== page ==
5 Tips to Improve Your Cold Weather Survival Shelter

March 1, 2012

Wilderness Survival

building a survival shelterOn a recent weekend camping trip with my oldest son, we decided to practice a primitive survival skill that is rapidly becoming a lost art in America, making a shelter using only those items that we could find in the woods. Although I don’t have any statistics to back up my assertion, I’d guess that fewer than one percent of all Americans have ever spent the night in the woods without the aid of a tent, camper, or RV.

We’d both done this before but decided to do it again. I wanted the added experience that comes from practice, from trial and error, from experimenting with different types shelters and available resources. My son, on the other hand, likes to do it just for fun.

We were fortunate to have relatively good weather for our weekend. The highs were in a mid-40’s F. The nighttime lows were around 25F. During the day it was windy with gusts up to 30 mph, but at least it was sunny. During the evening, the winds died down a bit. It was clear and we could see thousands of stars. That also means that there is no cloud cover to hold in the heat so the temperatures generally fall precipitously when the sun dips down below the horizon. Oh, and it was damp.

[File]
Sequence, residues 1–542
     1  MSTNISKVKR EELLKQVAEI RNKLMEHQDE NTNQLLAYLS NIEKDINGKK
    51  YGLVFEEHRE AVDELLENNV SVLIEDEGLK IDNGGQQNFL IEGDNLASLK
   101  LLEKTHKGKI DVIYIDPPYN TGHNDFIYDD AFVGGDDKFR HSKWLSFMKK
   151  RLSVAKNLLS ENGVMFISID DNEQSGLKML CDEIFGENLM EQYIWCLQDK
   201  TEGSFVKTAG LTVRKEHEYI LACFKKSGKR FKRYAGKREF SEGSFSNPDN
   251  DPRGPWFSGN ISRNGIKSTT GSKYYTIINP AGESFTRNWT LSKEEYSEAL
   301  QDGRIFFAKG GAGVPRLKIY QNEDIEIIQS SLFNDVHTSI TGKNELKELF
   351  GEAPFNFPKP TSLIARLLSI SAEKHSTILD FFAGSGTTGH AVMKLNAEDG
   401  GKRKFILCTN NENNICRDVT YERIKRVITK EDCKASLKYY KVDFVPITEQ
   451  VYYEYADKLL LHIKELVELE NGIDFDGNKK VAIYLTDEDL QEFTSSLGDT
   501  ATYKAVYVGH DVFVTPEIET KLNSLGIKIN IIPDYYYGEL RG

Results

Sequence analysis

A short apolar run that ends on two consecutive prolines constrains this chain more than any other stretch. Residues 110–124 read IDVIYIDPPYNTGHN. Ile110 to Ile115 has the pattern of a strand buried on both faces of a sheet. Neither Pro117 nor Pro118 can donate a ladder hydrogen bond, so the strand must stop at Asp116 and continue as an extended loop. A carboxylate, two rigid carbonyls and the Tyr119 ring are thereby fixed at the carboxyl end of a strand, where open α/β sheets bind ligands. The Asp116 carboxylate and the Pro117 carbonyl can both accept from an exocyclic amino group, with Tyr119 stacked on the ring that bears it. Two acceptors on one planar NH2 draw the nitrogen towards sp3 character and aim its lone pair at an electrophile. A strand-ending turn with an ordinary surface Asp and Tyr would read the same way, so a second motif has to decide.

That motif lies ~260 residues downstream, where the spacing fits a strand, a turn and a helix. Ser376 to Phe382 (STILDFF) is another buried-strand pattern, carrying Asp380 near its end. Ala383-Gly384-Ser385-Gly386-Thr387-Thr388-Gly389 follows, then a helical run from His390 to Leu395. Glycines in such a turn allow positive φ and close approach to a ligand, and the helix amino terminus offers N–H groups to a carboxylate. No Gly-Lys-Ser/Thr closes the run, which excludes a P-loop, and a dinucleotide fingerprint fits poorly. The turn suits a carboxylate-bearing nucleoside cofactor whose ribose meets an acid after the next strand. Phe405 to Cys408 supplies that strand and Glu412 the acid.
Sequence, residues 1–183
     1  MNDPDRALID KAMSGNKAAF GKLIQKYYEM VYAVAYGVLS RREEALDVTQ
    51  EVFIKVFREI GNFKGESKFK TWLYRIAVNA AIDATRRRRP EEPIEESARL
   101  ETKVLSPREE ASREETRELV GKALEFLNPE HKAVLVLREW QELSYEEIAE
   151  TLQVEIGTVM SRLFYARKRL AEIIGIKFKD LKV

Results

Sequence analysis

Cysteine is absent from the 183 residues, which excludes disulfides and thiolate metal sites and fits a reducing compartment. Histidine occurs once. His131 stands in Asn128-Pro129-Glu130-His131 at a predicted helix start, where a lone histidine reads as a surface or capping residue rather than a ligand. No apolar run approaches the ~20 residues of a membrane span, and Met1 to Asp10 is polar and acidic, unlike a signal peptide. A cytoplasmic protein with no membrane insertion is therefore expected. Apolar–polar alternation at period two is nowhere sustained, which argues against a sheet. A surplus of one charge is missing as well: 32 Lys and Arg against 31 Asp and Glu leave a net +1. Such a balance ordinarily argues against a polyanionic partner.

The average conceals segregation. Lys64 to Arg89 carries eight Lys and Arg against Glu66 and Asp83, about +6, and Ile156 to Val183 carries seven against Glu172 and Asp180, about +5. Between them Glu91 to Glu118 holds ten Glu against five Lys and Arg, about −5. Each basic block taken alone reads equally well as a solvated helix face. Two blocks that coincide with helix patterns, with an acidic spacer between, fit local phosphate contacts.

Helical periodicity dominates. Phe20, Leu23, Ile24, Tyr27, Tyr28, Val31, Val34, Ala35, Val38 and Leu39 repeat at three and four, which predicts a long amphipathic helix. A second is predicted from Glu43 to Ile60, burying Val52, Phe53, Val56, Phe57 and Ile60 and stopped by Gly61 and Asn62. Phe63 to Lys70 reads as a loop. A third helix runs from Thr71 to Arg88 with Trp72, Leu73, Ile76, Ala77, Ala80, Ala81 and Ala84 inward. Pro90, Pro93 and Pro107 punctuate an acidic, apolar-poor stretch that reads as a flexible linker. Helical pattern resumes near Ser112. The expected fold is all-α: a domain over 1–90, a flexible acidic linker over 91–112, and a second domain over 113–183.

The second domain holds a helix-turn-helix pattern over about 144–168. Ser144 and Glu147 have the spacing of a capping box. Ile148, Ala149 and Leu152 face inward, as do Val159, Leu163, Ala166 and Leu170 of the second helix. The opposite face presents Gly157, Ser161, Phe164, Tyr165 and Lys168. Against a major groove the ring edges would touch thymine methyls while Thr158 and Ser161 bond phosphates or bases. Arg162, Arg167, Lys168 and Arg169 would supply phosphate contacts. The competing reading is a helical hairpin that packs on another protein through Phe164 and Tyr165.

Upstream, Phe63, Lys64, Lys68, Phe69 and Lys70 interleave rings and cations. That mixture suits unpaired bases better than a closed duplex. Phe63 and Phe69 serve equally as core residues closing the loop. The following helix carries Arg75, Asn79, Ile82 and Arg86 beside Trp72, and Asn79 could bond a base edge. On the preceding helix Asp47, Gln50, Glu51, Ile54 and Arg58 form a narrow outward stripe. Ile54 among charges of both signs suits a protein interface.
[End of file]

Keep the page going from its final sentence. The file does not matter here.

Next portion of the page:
I thought I’d share some thoughts or “lessons learned” from our weekend.

Smaller is Better

A survival shelter is a functional structure designed for survival. It doesn’t have to big and fancy. It doesn’t have to look like the Swiss Family Robinson created it as a precursor to their arboreal mansion. No, it simply needs to keep you warm and dry.